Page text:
The Lawsuit Over Kobe Bryant Crash Site Photos Is a Bit of a Circus

Kobe Bryant and his daughter Gianna watch the first half of an NCAA college basketball game between Connecticut and Houston, Saturday, March 2, 2019, in Storrs, Conn. (AP Photo/Jessica Hill)

On the morning of January 26, 2020, my family and I were driving back from breakfast in Malibu. We were on Mulholland Canyon, driving home, in the fog. About an hour later, local TV news was reporting a crash near Mulholland Drive. Soon, the world learned it was a helicopter containing Kobe Bryant, his daughter, and other parents and children. I calculated the timeline. We passed the spot no more than 10 minutes before the crash and about 100 yards from the hill’s base.


At the time, I was cartooning for the LA Times. I rushed to draw an illustration. I completed it and sent it to my editor. It almost ended up on the front page and took up a half-page on page 2. Below is the second version that didn’t make print (and should have).

The world learned that photos of the crash site were taken by County personnel showing body parts and wreckage. Those photos were shared by Sheriff’s deputies with other deputies, and those deputies showed them to people like girls at bars and bartenders. The Sheriff, once he learned of the photos, ordered all the photos deleted. To date, there is no evidence that any of the cop photos exist.

Vanessa Bryant also learned of the photos and in September 2020, sued the Sheriff and LA county in federal court for emotional distress. An excerpt claims:

[The defendants] “did not conduct a standard investigation or collect, inspect or search the offending deputies’ cellphones to determine how many existed, whether and how they had been transmitted or whether they were stored” [in an internet cloud].

Shortly after the crash site photos became a national line of discussion. California passed a law making the dissemination of crash photos by public employees a crime.


The defendants have attempted to have the suit dismissed and, I think, rightfully so. In California, a claim for emotional distress requires actual distress based on witnessing or being part of an emotional, something. For instance, a family member of a car wreck crash can’t sue for emotional distress unless they witnessed it. In short, if Vanessa didn’t see the photos, she shouldn’t be able to sue for being emotionally wrecked by the mere thought of them. At least, that is what I learned in law school a few decades ago. Vanessa Bryant has sued based on a theoretical potential that the photos could be disseminated, sometime in the forever future. She’s never seen them but, apparently, she’s emotionally ruined by the prospect of the photos appearing somewhere, at some time.

The federal magistrate disagreed with the defendants and ruled that there were material issues of fact for the jury. The claim went to trial in early August. The trial has become something of a circus. Opening statements by Bryant’s lawyer suggested that the photos were “visual gossip” and shown to others for a “laugh.” In my opinion, that isn’t a proper opening statement. That’s an argument for closing. All of the lawyer’s opinions might be true, but the only way that Vanessa can ever see the photos is, it seems, with a time machine.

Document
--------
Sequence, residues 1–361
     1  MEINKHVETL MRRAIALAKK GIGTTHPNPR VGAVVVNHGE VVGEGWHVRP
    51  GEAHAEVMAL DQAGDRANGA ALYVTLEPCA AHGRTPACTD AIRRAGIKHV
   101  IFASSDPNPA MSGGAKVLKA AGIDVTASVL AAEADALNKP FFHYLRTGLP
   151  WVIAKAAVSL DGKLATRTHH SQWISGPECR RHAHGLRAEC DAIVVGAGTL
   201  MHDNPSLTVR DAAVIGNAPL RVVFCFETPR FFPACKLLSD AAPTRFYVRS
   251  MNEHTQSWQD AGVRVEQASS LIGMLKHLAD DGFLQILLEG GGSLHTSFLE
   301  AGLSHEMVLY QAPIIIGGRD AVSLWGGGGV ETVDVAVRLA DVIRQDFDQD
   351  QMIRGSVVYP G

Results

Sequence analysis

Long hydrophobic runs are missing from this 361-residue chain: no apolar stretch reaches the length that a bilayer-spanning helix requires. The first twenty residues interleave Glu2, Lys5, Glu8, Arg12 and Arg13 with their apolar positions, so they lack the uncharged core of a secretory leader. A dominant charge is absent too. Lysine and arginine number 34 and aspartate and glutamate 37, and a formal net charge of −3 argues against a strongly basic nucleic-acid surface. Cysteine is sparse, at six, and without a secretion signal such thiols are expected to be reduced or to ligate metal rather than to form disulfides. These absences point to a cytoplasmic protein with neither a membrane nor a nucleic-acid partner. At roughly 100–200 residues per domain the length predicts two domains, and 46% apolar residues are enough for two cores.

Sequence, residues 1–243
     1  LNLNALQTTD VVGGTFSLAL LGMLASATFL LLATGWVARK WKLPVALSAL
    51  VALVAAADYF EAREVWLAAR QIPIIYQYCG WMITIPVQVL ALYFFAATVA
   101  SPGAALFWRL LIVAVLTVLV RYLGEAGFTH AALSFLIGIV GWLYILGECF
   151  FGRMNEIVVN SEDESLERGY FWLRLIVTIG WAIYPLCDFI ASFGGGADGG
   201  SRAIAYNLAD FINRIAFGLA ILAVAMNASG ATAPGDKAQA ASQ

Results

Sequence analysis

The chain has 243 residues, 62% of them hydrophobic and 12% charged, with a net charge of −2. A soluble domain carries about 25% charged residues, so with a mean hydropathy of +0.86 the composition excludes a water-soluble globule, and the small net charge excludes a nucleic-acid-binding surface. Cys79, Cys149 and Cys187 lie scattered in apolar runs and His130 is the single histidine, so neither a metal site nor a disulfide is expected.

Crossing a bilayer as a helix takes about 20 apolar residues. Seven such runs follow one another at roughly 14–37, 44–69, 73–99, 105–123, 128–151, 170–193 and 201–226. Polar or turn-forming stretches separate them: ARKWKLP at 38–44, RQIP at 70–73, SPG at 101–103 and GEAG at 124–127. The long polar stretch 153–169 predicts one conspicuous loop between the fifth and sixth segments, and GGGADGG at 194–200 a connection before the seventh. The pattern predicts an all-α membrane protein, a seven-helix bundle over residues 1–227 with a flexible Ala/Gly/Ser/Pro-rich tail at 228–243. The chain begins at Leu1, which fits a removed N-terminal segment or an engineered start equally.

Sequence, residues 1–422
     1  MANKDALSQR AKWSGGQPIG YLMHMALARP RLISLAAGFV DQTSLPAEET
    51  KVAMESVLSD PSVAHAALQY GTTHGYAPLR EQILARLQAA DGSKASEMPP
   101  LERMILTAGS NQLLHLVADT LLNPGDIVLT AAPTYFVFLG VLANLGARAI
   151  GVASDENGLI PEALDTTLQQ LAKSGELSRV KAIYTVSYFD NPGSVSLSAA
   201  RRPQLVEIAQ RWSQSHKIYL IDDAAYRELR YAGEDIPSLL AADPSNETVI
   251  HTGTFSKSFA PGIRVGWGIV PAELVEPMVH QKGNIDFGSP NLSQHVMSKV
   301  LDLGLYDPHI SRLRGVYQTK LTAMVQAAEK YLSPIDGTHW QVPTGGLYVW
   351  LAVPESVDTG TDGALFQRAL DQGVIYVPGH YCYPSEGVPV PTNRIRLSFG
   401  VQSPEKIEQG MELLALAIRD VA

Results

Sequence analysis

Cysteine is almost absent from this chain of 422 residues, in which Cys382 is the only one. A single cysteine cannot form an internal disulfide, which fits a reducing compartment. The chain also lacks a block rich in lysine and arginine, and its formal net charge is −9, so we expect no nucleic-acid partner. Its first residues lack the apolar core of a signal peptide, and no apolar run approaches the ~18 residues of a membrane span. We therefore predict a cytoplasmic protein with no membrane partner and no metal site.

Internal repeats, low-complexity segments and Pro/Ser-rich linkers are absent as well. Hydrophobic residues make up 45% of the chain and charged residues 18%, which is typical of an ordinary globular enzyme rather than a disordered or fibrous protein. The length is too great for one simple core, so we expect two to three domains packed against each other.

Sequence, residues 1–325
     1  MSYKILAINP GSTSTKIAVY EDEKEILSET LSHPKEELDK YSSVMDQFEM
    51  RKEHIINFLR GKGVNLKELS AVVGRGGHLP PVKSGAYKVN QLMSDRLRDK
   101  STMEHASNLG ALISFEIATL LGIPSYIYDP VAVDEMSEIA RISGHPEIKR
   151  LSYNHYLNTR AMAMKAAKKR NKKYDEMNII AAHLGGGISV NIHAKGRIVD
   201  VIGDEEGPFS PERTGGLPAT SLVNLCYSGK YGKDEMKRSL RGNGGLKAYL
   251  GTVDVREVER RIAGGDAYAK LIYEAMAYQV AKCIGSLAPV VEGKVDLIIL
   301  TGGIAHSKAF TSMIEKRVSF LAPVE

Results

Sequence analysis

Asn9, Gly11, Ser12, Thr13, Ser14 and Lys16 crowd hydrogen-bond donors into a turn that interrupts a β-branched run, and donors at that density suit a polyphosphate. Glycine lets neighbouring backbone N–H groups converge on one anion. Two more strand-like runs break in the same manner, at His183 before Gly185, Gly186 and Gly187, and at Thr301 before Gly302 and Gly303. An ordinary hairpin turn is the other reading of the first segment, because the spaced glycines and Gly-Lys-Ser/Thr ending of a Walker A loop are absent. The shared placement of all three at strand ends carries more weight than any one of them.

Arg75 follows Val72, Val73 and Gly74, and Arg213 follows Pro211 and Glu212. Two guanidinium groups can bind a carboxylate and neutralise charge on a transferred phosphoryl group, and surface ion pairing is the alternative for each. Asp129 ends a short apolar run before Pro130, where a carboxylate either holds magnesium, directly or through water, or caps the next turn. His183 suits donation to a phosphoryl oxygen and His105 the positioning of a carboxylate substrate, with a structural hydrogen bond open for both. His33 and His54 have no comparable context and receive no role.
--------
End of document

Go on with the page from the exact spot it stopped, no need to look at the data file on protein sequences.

A retired cop testified that cops keep “death books” of dead celebrities to show to other cops. This witness was called by the plaintiff and, I think, militates against Bryant’s claim. A lot of photos of dead celebrities exist and family members haven’t, to my knowledge, sued over them. Again, Bryant has never and will never see the photos, and even if they appeared out of a “cloud,” I doubt she would ever look at them.

On Monday, a retired firefighter named Brian Jordon got on the stand and, depending on the question, remembered what he did at the crash site, and then conveniently forgot what he saw or did. At his deposition, he remembered. At trial – totally forgot. He left the witness stand three times, all without the judge’s permission. Just walked off and out of the courtroom. As a trial lawyer, I find it amazing that the judge didn’t warn him that he has to ask to leave. Also, Jordon’s attorney made an “asked and answered” objection – from the gallery. The judge nicely told him in judge-speak to shut up. “Asked and answered” is usually a useless objection, so making that particular “objection” from the gallery is close to Demi Moore in A Few Good Men “strenuously objecting.”  The judge should have thrown him out of the courtroom.


So, this planned, nine-day jury trial is close to completion. I don’t understand how it got to trial because I don’t see how Bryant meets the legal definition of “emotionally distressed”–when she has never seen, and will never see, the crash photos. But this is California, where celebrity rules. The chances that she prevails and wins a massive judgment, because of who she is, is pretty high.

I have a lot of sympathy for Bryant and her surviving children, but they didn’t see the photos.



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